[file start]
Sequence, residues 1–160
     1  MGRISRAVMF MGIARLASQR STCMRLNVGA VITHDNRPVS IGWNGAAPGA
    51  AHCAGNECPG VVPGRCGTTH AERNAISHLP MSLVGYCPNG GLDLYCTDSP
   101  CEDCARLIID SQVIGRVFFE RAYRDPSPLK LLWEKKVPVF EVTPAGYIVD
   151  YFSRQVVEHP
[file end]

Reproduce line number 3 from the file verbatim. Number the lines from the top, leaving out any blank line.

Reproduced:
    51  AHCAGNECPG VVPGRCGTTH AERNAISHLP MSLVGYCPNG GLDLYCTDSP